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Medicare was enacted in 1965 as Title XVIII of the Social Security Act. Medicare covers the elderly population (65+ years old) regardless of income or health status and represents the country’s only version of national health insurance. The program was expanded twice: (1) in 1972 to include individuals under 65 suffering from end-stage renal disease (ESRD) and the disabled who received Social Security Disability Insurance (SSDI) payments, and (2) in 2001 to cover people with amyotrophic lateral sclerosis (ALS, or Lou Gehrig’s disease).

Medicare (along with Medicaid) is one of the country’s largest “entitlement” programs (see Chapter 6). To be entitled to Medicare, an individual (or spouse) must have contributed payroll taxes into the Social Security system for at least 10 years. To some, the elderly are thus “deserving” and “worthy” of receiving Medicare benefits because they have already “paid into the system.” Moreover, the elderly have the highest level of voting participation in the country (Figure 18-1) and vote their interests (which include protecting Medicare and Social Security). That is why Medicare is often called “the third rail in American politics”: Touch it and you die instantly.

Figure 18-1

Voting Participation Rates in Presidential Elections, by Age, 1964 to 2016.

When seniors qualify for Medicare, they have several options (Figure 18-2). First, they can register for “traditional” Medicare, also known as fee-for-service (FFS) Medicare. This includes Part A and Part B (covered later), which provide hospital and medical services, respectively, on an FFS basis. Second, they can enroll in FFS Medicare with or without supplemental coverage (Medigap) and/or prescription drug plan (PDP) coverage. Third, seniors can also enroll, if they choose not to register for FFS Medicare, in a Medicare Advantage (MA) plan offered to seniors through private insurers. MA plans cover Medicare Part A and Part B services and may also cover prescription drugs through an MA prescription drug (MA-PD) plan. Many MA plans offer additional benefits such as dental and vision coverage.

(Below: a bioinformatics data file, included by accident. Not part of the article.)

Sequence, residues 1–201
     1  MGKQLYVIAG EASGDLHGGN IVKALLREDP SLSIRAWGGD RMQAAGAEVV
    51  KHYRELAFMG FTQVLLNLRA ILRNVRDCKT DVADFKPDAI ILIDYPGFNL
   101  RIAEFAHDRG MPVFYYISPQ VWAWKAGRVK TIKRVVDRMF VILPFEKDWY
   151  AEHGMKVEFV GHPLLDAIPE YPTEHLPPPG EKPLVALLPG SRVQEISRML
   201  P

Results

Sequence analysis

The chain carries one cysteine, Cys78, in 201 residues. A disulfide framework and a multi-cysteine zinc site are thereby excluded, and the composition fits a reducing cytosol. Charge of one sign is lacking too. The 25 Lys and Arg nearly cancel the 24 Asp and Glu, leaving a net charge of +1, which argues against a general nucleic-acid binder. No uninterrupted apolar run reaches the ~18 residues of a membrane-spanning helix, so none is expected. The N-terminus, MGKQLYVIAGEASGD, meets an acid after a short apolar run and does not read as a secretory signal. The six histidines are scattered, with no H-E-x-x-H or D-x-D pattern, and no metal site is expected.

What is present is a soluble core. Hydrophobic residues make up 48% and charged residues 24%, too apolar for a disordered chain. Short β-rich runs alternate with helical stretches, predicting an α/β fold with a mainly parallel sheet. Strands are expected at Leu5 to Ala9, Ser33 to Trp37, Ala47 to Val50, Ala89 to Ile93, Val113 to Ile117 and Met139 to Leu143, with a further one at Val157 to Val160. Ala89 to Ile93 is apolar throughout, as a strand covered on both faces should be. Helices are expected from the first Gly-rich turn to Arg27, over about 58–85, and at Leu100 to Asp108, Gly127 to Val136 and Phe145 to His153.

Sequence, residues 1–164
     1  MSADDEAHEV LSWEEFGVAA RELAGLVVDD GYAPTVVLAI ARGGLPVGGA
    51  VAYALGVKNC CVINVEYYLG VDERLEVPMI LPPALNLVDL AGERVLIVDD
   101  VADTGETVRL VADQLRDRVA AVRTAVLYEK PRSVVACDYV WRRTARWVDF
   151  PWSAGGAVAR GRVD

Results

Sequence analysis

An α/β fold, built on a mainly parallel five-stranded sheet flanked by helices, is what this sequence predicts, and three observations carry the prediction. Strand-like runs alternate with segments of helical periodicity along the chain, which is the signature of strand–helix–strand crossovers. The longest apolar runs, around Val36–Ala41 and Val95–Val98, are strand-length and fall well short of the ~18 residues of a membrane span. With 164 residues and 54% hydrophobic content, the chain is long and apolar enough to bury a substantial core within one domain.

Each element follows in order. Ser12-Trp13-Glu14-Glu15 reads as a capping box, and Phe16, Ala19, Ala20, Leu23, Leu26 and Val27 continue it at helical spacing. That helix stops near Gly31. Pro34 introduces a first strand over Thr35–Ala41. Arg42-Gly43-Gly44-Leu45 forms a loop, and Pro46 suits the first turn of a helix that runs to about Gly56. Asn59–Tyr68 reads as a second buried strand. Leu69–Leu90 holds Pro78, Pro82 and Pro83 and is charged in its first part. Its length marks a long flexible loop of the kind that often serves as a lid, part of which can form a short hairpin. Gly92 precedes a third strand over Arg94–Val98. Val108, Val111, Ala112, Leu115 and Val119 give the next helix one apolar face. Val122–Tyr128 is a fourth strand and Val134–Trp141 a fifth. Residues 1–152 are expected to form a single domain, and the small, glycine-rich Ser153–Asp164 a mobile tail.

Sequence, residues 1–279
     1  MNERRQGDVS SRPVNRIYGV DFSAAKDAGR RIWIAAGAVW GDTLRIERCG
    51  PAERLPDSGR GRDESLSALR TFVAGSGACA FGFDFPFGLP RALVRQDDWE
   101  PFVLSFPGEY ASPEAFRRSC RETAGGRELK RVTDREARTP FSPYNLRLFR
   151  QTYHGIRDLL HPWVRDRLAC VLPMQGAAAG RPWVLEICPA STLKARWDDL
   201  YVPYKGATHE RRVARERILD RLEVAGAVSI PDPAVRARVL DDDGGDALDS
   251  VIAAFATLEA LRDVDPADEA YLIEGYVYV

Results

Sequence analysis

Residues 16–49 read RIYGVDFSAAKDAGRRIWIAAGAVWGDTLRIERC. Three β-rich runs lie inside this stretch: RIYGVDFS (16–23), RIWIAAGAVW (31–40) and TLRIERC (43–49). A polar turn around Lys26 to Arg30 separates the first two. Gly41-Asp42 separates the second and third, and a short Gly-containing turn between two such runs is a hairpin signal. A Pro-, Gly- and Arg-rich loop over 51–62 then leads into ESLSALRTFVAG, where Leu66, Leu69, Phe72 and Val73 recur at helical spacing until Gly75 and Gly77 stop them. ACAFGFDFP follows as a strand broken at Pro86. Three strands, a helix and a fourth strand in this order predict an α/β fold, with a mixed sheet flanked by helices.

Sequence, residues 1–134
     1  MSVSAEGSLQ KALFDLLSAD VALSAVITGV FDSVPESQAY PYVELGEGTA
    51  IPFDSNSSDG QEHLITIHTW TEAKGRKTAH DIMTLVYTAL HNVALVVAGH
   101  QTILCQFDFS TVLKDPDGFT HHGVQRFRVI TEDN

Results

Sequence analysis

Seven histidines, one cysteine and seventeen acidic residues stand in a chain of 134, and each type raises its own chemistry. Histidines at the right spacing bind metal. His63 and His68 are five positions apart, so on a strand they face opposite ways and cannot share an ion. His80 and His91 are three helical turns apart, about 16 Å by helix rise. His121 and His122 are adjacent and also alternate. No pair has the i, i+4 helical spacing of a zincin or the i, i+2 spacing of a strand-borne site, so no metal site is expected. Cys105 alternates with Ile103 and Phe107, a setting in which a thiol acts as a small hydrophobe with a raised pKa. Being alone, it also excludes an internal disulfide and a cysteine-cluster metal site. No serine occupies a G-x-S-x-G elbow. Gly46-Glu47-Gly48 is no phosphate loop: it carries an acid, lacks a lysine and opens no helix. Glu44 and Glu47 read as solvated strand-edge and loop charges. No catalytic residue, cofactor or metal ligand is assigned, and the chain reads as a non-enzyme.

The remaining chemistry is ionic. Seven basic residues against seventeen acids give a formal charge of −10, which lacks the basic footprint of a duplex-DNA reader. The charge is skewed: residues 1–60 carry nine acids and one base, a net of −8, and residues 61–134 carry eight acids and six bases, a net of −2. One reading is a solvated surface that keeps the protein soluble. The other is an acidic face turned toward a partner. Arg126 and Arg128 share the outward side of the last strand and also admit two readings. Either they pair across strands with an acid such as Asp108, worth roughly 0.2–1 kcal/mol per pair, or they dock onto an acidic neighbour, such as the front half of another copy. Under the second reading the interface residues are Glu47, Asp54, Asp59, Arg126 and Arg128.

Figure 18-2

Medicare Coverage Options. ACO, Accountable Care Organization; CMS, Centers for Medicare and Medicaid Services; FFS, Fee-for-Service; HMOs, Health Maintenance Organizations; MAPD, Medicare Advantage Prescription Drug; PPOs, Preferred Provider Organizations. (Source: Steve Wood, Clear View Solutions LLC. Presentation to the Wharton School, Spring 2017.)


The Two Wilburs

Medicare and Medicaid emerged as part of President Johnson’s “Great Society” program in 1965 and, specifically, its “war on poverty.” Medicare and Medicaid were not designed in any rational way. Rather, they reflected a political compromise brokered in Congress by Wilbur Mills, Chairman of the House Ways and Means Committee. Wilbur Cohen, a leader in the Social Security Administration, called ...

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